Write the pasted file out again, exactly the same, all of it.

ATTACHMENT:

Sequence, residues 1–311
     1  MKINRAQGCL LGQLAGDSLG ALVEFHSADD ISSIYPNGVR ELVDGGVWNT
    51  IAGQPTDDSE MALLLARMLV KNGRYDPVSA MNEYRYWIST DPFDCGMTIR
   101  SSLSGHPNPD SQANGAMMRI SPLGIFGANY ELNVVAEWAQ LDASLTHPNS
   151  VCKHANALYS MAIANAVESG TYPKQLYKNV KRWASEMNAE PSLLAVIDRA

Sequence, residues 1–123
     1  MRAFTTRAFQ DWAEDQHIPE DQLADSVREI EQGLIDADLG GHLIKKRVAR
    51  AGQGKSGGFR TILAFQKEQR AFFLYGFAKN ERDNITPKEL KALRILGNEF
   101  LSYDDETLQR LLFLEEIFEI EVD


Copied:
Sequence, residues 1–311
     1  MKINRAQGCL LGQLAGDSLG ALVEFHSADD ISSIYPNGVR ELVDGGVWNT
    51  IAGQPTDDSE MALLLARMLV KNGRYDPVSA MNEYRYWIST DPFDCGMTIR
   101  SSLSGHPNPD SQANGAMMRI SPLGIFGANY ELNVVAEWAQ LDASLTHPNS
   151  VCKHANALYS MAIANAVESG TYPKQLYKNV KRWASEMNAE PSLLAVIDRA

Sequence, residues 1–123
     1  MRAFTTRAFQ DWAEDQHIPE DQLADSVREI EQGLIDADLG GHLIKKRVAR
    51  AGQGKSGGFR TILAFQKEQR AFFLYGFAKN ERDNITPKEL KALRILGNEF
   101  LSYDDETLQR LLFLEEIFEI EVD